Vector Selects Construction Team, Begins First Orbital Vehicle Production

Flight test of P-19H engineering model of the Vector-R launch vehicle from Friends of Amateur Rocketry site in California. (Credit: Vector Space Systems)

TUCSON, Ariz., Dec. 6, 2017 (Vector PR) — Vector, a nanosatellite launch company comprised of new-space and enterprise software industry veterans from SpaceX, Virgin Galactic, McDonnell Douglas, Boeing, Sea Launch and VMware, today announced it has selected a final construction team to build its state-of-the-art launch vehicle manufacturing facility in Tucson, Ariz. Vector selected Holladay Properties as the lead developer on the project, Barker Contracting as the contractor, and architects from Swaim Associates LTD to carry out Vector’s vision for the new factory.

Over the last year, the City of Tucson, Pima County and the Arizona Commerce Authority led the facility development through a public-private partnership agreement to further the economic advancement of the Arizona technology and aerospace industry. Vector’s new facility, expected to be completed by early 2019, will bring 200 jobs to the Tucson area including jobs in engineering, manufacturing and technical support. The public-private partnership is expected to have an overall direct and indirect economic impact on the region totaling $290 million over the next five years.

“Vector is extremely proud to call Arizona home and we look forward to growing our foothold in the area with this brand-new manufacturing facility,” said Jim Cantrell, CEO and co-founder of Vector.  “We’ve made huge strides in technical progress and vehicle production this year, ramping up to producing our goal of one hundred rockets per year. By building this new facility, we’re not only going to be adding jobs, but we will be providing many with the ability to launch careers in aerospace.”

Vector’s 92,500 square-foot factory will feature two soft-production facilities, a 30,750 square-foot two-story office space for its headquarters and a dedicated area for special projects including research and development.  The future facility is designed to produce 100 vehicles per year to start, with room to expand production across two additional manufacturing floors, increasing potential production to up to 200 vehicles per year. Vector has also begun production of its first orbital launch vehicle in its existing facilities, also in Ariz., continuing its progress towards achieving the company’s goal of a successful orbital launch in Q2 2018.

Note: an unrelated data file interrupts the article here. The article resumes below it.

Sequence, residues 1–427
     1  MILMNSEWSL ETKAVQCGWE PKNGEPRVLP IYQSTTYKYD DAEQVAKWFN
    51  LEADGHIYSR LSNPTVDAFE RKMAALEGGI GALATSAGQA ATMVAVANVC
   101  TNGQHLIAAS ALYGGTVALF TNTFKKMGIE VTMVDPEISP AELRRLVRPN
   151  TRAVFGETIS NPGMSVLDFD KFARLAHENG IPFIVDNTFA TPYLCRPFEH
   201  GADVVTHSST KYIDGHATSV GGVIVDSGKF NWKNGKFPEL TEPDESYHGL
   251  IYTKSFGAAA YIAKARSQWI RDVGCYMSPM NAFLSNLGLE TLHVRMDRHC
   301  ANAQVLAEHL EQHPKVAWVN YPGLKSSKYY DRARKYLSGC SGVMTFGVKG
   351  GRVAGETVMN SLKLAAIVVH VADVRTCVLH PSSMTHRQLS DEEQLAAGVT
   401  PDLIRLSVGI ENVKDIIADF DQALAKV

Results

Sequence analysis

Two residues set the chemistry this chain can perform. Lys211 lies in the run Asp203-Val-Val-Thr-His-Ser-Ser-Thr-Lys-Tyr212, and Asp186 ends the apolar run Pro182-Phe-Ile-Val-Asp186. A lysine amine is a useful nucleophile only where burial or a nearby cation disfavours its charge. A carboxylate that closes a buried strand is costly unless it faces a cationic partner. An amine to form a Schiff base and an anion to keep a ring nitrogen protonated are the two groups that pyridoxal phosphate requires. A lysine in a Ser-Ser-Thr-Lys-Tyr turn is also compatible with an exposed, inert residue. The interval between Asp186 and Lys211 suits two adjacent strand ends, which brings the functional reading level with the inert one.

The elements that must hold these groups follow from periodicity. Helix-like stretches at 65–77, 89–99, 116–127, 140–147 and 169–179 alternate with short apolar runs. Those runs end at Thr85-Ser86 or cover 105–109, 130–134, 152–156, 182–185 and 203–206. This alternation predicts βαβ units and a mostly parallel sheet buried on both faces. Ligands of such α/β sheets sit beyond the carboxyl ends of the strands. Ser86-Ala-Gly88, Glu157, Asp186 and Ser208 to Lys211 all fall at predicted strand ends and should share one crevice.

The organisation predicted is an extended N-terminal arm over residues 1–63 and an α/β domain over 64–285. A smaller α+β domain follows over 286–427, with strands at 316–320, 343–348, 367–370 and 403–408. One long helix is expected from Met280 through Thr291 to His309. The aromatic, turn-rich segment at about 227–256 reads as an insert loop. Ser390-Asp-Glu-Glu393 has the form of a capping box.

“We are thrilled to be partnering with Vector to build their new home in Arizona,” said Brian Barker, President at Barker Contracting. “Vector’s vision for their manufacturing facility and headquarters was a natural fit for Barker Contracting’s expertise and we look forward to building a space designed specifically for their team.”

About Vector

Founded by the original founding team of SpaceX, Vector is a disruptive company that connects space startups and innovators with dedicated, affordable and reliable launch services, enabling platforms and vehicles to access space efficiently and in a more optimized way than ever before possible. For more information, visit http://www.vectorspacesystems.com/

  • Michael Halpern

    See this is why I think Vector will do better than companies like Relativity Space, they are focusing on the mass production potential of dedicated small satellite launchers, instead of just the low cost, if you have a cube sat and you want it in orbit quickly, this gives you that option, and on a per kg basis it isn’t too far off from F9 iirc.

  • One might also consider that their “successful” rocket launches have consisted of single stage, one engine, unguided amateur rockets to a few thousand feet with undocumented parachute landings. Hardly much for anyone other than venture capitalists to risk their money on. The economics of the so-called cheap rockets is unproven but assuming current prices for scientific cubesats free rides on NASA ElaNa, and competition from Japan, China and India, someone still must show that the commercial market really exists for mass production of small launchers. So far, big hype by Vector/Garvey for many years – but they’re not even close to orbit. And is there room for two if Rocket Lab is years ahead? Once RL has the rocket, scaling for mass production will be the easy part if the market demand is there. They have the better business model.